Mr. Poilane might have rolled over in his grave this morning if he saw me eat his prized bread, arguably the best bread in the world, smeared with peanut butter.
We arrived home from France last night with our kitchen in the midst of being renovated, no stove, oven, sink or food in the fridge, but there was peanut butter and I had carefully carried a huge (12 inch diameter?) round Miche Poilane across the Atlantic, so that's what I had for breakfast. But alas, this post is not about peanut butter and I am not going to try to argue it's virtues with the French (I've tried, they won't hear any of it). What I want to talk about today is the bread, pain Poilane.
I had read about it's carmelized crust, chewy interior, the famous starter, the stone milled flour and sel de Guerande that lend Poilane's bread it's distinct flavour and texture. When we decided to spend a few days in Paris on our way down South and a day on the way home, the one must on my list of things to was to stop in at Poilane. Day one we headed to the rue du Cherche-Midi, the tiny Poilane bakery was just as you would imagine a perfect Parisian bakery, lined with beautifully flaky viennoiseries and the signature round miches engraved with a P. I asked the woman for a quarter loaf and she sliced it with a huge apparatus that I can only compare to a paper cutter, we took it home and tasted it that night with my favourite butter flecked with crystals of sea salt. Everything I had read about Poilane's famous bread was true. The rustic crust was almost black on the bottom and the flour had carmelized and released flavours of molasses and toast, the crumb was chewy and moist, salted just enough so that you knew it was there but you couldn't taste it, the starter lent it's little bit of acidity and the butter smeared on top just took it to the next level.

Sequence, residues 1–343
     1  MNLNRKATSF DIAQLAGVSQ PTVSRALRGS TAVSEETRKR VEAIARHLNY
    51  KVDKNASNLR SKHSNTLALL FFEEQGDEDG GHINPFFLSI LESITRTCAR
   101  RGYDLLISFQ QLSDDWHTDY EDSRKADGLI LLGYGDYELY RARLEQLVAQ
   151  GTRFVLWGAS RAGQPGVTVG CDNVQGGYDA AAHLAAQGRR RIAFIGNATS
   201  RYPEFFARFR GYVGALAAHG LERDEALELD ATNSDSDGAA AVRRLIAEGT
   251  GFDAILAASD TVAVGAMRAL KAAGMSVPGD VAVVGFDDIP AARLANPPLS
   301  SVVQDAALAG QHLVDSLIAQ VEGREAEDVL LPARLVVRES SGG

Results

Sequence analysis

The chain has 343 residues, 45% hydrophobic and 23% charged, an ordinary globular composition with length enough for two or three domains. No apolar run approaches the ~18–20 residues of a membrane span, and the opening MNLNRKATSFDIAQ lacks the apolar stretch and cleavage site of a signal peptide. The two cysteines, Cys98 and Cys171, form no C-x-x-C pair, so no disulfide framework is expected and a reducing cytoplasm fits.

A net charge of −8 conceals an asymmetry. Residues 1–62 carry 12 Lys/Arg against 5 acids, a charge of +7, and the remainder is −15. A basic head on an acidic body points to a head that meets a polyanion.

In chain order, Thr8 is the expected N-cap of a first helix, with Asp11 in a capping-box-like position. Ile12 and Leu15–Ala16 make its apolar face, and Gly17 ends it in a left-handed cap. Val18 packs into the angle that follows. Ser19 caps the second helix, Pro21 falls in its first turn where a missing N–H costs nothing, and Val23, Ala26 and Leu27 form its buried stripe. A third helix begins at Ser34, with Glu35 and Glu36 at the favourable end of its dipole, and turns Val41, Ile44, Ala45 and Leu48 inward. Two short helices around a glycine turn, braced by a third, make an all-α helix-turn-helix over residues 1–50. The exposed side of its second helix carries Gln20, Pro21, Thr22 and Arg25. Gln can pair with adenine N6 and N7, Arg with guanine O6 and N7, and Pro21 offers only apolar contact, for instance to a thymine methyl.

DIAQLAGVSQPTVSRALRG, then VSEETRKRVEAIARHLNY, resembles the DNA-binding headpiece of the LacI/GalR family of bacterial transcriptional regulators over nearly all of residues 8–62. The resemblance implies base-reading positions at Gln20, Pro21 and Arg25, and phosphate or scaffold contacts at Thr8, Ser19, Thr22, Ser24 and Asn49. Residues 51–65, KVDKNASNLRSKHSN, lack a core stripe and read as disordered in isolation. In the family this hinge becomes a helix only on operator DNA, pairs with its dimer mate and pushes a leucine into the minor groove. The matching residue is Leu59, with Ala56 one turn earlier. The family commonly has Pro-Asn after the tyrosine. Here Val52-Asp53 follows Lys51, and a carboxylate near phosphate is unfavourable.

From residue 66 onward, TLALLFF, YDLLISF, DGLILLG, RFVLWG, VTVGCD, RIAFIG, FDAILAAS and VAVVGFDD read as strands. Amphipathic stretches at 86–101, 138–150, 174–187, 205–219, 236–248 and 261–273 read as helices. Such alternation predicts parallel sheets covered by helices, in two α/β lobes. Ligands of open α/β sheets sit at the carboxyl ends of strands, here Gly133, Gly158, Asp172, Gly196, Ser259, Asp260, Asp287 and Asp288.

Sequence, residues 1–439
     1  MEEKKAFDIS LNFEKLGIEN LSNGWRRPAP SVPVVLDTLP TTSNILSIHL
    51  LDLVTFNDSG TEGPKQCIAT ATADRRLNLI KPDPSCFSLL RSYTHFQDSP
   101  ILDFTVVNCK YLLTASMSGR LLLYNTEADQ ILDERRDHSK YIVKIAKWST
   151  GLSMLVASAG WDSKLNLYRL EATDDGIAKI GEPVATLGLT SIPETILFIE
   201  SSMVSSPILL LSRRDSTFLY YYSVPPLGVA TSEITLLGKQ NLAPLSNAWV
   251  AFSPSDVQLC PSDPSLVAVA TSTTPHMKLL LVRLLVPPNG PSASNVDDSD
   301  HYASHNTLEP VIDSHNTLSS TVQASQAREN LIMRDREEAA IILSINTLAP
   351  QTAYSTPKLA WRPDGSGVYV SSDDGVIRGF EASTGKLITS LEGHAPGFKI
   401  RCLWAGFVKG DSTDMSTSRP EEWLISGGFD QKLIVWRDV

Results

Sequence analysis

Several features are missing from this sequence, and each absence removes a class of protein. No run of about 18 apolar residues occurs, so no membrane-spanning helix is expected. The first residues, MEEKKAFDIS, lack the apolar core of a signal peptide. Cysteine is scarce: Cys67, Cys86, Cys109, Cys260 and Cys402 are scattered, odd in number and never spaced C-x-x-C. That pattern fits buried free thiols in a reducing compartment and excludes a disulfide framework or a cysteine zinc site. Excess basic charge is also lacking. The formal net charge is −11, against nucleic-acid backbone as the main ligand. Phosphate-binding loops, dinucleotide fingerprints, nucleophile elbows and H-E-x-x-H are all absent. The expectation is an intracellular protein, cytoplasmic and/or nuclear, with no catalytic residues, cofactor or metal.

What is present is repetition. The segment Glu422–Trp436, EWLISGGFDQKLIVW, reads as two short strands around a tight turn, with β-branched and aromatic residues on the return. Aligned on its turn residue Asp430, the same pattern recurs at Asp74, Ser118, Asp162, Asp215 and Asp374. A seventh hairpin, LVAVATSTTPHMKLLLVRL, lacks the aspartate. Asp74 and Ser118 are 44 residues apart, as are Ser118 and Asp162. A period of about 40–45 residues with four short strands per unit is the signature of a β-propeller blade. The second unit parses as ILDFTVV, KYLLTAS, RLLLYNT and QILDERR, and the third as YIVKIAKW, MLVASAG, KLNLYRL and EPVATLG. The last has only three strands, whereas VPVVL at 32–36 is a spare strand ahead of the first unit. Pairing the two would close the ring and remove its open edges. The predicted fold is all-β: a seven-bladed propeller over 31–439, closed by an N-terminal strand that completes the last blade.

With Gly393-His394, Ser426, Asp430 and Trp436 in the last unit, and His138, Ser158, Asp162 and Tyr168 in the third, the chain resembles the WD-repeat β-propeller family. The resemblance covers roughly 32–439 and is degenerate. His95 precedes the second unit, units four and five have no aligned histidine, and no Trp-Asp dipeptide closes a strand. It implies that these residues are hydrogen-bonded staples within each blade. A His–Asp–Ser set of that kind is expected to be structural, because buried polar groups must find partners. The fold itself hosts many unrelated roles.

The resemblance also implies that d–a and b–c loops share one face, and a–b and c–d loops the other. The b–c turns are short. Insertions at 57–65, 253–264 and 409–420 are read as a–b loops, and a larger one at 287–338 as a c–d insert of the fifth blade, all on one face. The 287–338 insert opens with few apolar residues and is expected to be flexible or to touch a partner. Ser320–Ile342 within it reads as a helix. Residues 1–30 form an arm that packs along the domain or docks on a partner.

The next day we wandered around Paris some more and I insisted we take the Metro to the rue du Cherche-Midi again for another quarter of a miche. I made sandwiches with brie for me and jambon buerre for JS to eat in the train with a bottle of wine on our way down south. I told myself that on our last day in Paris I would get an entire loaf and haul it with me back across the ocean to take that taste home with me if only for a few days. We had to go to the alternate location because the Cherche-Midi store is closed on Sundays, but luckily the other store on boulevard de Grenelle was open. So, we all headed across the entire city to the 15th (where there is really nothing else to see or do except drink very expensive coffee in touristy cafes and then pay to go pee as we learned) on 3 different metro lines to get the famous bread. Then I carried it all around Paris and back to our friend J's place that night and then on the RER, our transatlantic flight, the Toronto airport and another flight and car ride home and into my makeshift kitchen where it sits proudly on my cutting board as I type this.
I have since gone grocery shopping and have bought some roquefort and chevre with which to enjoy it (the bread has it's pride too) and I intend on eating and enjoying every last carmelized crumb.